2012 Rolling Over the 100K
Part 5 of 10
Sixes and Sevens
I don't know what it is about Alberta but every time I go through that Province I end up feeling like I've been kicked-around a bit. I was leaving BC heading towards the Alberta border when I felt something ominous was about to happen. For those of you who remember the B&W cowboy movies from the old days where stagecoach wheels reversed rotation when they were slowing down and fast-moving cumuli-nimbus clouds moved at breakneck speed across an ugly sky – the latter was all happening now right above my head. They had found me! They unleashed their thousand-gallon loads of heavy rain right on top of me. It was no co-incidence that this occurred just as I was passing the “Welcome to Alberta” sign to my right. There had to be some sinister connection. I stopped to put my rain suit on my already drenched body. There was no shelter. No respite. I had to grin and bear it as I began the long and lonely trek south to the US Border at Montana. It was going to be a long, wet, cold ride with very few, if any, gas stations.
Sixes and Sevens
I was the sole vehicle at the border and the US Border Guard looked like I'd spoiled his morning coffee. There was no friendly greeting - no smile - no wave - no nothing. He held out his hand and said “Passport”. I shut off my engine and started to dismount. He barked “Why are you getting off your bike?” “To get my passport” I said, “Its in my knapsack on my back”. “ It shouldn't be in your knapsack. You should carry it in the front pocket of your rain-suit ready to give to me!” When I handed it to him he asked “What's your licence plate number?” I told him I didn't know. He said “Do you own the motorcycle?” I told him “Yes” to which he said that if I really owned the motorcycle I should be able to tell him my plate number. I was getting a little annoyed at his interrogation so I responded by saying a little too sharply. “Well – its a BC plate with lots of sixes and sevens.” I noticed that he was now concentrating on his monitor so I quietly took a couple of steps backwards and read out loud - BC 6766! He handed me my passport and waved me on my way.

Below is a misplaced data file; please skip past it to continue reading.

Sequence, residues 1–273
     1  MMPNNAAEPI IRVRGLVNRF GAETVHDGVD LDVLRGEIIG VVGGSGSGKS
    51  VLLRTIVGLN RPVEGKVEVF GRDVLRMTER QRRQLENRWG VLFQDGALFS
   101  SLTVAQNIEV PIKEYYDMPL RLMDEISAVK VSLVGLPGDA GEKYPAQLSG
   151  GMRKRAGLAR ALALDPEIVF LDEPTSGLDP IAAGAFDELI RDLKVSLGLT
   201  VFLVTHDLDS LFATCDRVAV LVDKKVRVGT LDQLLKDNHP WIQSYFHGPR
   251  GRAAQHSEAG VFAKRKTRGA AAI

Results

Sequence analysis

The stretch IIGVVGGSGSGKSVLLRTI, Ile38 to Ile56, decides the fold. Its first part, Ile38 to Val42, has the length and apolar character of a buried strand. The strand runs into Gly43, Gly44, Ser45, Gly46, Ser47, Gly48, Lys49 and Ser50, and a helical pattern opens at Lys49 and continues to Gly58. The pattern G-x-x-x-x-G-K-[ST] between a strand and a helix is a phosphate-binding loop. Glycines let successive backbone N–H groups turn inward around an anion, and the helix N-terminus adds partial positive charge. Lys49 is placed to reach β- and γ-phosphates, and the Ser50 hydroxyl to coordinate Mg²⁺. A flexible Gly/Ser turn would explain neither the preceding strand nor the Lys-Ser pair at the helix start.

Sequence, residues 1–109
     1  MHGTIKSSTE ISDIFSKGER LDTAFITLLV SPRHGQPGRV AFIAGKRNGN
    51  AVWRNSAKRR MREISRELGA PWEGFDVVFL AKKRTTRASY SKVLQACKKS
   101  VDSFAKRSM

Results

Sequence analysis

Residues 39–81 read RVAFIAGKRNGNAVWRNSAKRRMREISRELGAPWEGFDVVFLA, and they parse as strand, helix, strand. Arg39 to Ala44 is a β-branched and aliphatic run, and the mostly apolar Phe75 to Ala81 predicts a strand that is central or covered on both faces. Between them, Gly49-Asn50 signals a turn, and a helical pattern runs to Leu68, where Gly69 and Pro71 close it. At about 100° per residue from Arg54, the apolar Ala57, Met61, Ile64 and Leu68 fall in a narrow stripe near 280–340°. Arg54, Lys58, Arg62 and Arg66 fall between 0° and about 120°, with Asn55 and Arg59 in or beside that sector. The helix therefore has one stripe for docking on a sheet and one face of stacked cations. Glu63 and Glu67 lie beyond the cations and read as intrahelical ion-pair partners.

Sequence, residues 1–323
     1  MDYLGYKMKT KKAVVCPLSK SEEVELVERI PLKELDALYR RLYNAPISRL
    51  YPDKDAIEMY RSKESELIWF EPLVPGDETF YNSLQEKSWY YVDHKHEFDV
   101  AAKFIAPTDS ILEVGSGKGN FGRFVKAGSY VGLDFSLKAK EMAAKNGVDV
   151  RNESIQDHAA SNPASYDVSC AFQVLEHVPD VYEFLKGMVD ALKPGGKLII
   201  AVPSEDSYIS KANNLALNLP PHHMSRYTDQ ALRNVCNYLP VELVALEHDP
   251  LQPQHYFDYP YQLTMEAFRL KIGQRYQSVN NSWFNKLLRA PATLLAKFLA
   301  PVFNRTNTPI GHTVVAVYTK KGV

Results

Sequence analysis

If you can close your eyes and imagine travelling through barren land where there is nothing, absolutely nothing, and then even more nothing, you would most likely be travelling the vast barren “deserts” of Southern Alberta and Montana. The lay of the land doesn't change with the political boundaries and neither does the weather. I was getting wetter and wetter and colder and colder when I saw a nice restaurant on US Route 2 just as I was approaching Chester. I pulled in. I was in dire need of a steaming hot coffee and a grilled-cheese sandwich so that's exactly what I ordered. Across from me were two young men who appeared to be in their twenties. They were speaking French. It wasn't hard to understand that they were fascinated with my Harley. I had parked it next to their touring bicycles. The older one asked me, with some difficulty, if it was my motorcycle to which I responded affirmatively in French. They were delighted. I asked them, in French, if they would care to join me and in a moment they were sitting across from me at my table. I was surprised at how well I was getting along in French and whenever I had difficulties they would switch to their broken English. They were here touring on their bicycles from the south of France. They were totally taken with my Harley and explained that Harley Davidsons were far too expensive to buy in France. Not many could afford such luxuries. We spent most of the afternoon talking about life in Canada and America and France until they had to go. As they were leaving, the taller boy came back to my table and said in his very best English “John, I really envy you riding a Harley.”